Editor's note - I am changing a lot of o to ou, and z to s :) also if you want a bowler hat as a parting gift, lmk.
Becoming a Narrative Designer
I learned a new term: Narrative Designer. A role I did not understand until I started at Die Gute Fabrik. In the past, my work has been under mishmash of different titles, but funnily enough, never Narrative Designer. I learned that Narrative Designer is a role that fits well with a person who is good at world-building, character development, and creating structures for storytelling.
Because I had the possibility to try different parts of the disciplines of game writing and narrative design, I found that I actually make a great Narrative Designer. Through the guidance of my mentors, I was helped to understand where my strengths are, which has been exciting to pin down and explore. I found that I'm very good at:
- Finding the core of storylets as they add to the main story - "the golden seed" - which can be fun or whimsical, and always pointing to the centre.
- Keeping track of spreadsheets, files, and working with story structures.
- I also have a good sense of what will work well in a story, I can always spot what’s missing, etc.
I realise that this is also how I’ve always worked; both as a comic writer and illustrator when approaching and working my imagination. Creating worlds, moods, characters, story structures, getting fun and weird ideas for stories. Now that I have learned what Narrative Designer means, I only wish to become better at it and see where it takes me.
While experimenting and growing as a writer and designer by working on the TBA game from Die Gute Fabrik, I also had the privilege to be mentored by Studio Lead Hannah Nicklin. Our mentor talks gave me a lot of great tools on how to create stories and structures, from figuring out a strategy for developing seeds for stories, characters, voices, to formalising a creative process, and developing a story vocabulary. We set homework and deadlines together, helping me to create something, structure it, plan it, and push my craft forward.
The company also sent me books on script writing, artistry, and creativity, in order for me to formulate my own journey as an artist, inspire me, and encourage me to find ways to plan a bit ahead. Being a “go with the flow” kinda person (aka. chaotic), it was both daunting and wonderful to try express what do I want, what kind of life do I want, who do I want to be, what’s important, etc. through the lens of my storytelling practice.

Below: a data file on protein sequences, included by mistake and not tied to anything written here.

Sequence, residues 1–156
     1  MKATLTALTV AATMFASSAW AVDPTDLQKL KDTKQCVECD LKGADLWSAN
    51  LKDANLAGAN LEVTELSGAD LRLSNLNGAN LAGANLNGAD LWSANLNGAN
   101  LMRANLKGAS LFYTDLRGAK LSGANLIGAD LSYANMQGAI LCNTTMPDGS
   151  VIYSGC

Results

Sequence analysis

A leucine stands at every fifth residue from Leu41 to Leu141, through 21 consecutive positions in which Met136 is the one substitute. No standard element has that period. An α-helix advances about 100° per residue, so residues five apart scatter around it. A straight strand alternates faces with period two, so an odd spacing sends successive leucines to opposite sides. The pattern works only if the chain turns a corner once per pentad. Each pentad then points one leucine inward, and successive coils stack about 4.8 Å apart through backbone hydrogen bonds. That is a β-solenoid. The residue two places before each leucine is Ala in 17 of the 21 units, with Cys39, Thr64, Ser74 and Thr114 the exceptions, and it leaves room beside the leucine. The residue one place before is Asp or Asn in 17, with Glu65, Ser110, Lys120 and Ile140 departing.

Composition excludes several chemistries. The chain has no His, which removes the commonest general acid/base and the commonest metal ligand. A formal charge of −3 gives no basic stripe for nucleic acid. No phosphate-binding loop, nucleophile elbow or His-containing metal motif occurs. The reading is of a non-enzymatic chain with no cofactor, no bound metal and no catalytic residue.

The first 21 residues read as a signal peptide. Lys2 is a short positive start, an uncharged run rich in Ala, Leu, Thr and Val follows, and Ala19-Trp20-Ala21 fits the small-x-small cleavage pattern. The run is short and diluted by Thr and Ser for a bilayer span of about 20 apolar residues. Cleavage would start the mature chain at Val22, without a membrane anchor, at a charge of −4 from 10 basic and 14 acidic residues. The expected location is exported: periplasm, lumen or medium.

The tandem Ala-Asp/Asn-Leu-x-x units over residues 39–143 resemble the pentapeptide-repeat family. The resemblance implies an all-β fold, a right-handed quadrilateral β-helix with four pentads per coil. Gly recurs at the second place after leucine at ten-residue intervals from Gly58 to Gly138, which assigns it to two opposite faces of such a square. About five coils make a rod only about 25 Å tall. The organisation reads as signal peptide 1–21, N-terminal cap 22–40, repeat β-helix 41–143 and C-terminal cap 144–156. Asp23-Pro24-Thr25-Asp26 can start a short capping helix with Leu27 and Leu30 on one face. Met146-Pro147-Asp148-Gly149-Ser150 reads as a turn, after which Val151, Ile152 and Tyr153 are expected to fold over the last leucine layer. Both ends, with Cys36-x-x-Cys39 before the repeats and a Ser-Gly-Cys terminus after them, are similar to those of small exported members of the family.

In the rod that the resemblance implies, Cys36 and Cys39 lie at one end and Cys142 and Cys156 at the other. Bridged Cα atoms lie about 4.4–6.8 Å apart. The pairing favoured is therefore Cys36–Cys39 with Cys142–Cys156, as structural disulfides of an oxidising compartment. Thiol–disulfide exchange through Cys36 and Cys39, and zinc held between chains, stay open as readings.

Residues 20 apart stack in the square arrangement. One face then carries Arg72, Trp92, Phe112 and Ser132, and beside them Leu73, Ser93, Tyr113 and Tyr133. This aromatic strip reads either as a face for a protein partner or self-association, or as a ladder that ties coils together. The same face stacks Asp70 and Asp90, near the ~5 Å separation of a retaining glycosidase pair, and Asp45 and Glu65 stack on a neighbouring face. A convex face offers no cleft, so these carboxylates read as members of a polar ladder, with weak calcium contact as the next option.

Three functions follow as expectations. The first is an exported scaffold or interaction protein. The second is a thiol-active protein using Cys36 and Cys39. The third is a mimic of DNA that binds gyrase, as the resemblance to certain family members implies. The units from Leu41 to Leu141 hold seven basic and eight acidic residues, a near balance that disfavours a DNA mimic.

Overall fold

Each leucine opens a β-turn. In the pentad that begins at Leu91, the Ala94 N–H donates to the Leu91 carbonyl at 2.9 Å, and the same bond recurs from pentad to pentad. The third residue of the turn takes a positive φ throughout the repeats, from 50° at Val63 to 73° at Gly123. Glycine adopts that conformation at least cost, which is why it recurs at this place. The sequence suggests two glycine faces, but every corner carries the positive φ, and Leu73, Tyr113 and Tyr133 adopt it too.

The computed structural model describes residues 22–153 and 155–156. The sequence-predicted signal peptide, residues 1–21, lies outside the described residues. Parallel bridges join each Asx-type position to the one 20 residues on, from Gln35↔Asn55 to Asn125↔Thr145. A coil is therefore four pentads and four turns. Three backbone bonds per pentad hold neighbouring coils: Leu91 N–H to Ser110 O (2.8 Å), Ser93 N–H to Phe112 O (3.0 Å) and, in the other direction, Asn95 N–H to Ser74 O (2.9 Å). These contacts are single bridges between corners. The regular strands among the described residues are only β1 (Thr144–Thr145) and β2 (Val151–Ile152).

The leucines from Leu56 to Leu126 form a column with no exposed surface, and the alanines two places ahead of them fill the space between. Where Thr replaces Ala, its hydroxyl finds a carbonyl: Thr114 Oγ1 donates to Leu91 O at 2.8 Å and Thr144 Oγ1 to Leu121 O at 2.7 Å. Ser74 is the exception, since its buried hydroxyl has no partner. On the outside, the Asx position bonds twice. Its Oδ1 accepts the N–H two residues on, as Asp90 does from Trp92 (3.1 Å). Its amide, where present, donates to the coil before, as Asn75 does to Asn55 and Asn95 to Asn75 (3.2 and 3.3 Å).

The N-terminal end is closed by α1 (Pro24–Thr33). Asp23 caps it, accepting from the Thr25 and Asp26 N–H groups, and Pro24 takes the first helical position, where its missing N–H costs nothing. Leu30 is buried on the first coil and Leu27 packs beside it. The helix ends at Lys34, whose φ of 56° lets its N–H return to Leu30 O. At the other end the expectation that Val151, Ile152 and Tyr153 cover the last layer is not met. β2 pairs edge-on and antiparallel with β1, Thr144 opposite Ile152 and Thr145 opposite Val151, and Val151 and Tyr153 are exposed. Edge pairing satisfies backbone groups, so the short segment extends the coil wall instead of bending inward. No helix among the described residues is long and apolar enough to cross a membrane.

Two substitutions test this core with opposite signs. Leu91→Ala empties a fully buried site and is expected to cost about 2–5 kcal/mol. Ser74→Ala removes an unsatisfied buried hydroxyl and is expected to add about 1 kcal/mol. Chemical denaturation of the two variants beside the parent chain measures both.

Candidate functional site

I also gained a deeper understanding of the game industry and what one can encounter in terms of challenges, both emotionally and legally, especially as a woman and story-focussed professional. Sometimes this would feel like an extremely tall, impossible mountain to climb - and honestly very exhausting. But I learned how valuable and important a network and support system is, in order to stay on that mountain, to find camps to rest in along the way.
It has been empowering to work at a company that for example priorities
- Employee rights and well-being,
- Marginalised groups in the games industry
- The artform and its place in the world.
It has been a privilege to be a part of such idealism and I feel that I take those same demands, that openness, and awareness with me as I continue on my journey.
The Next Chapter
Now we reach the moment that I get tossed (not really, but I like the image of it) out on the other side, standing much stronger than before, two feet on the ground and able to move forward. I feel like a little wooden figure who has finally been sanded and varnished, ready to work and truly understand my work, far more than when Stilstand was released.
This is what I know: I want to work in companies that, like Die Gute Fabrik, prioritise a healthy work environment, employee wellbeing, and rights, and have an appreciation of the artistic dimension of a game.
Luckily I now plan to join the award-winning indie studio Triple Topping for a while, where I’m excited to use my new skills as a narrative designer in practice. Six months ago I wouldn’t feel as professional as I do now, going into a job like that. It’s incredible how much more confident I now feel, equipped with a vocabulary, industry insight, structured design processes, and a caring support system.
So here we are, at the very end, though it’s not Game Over or Play Again. Instead, it is:
[Start Next Chapter]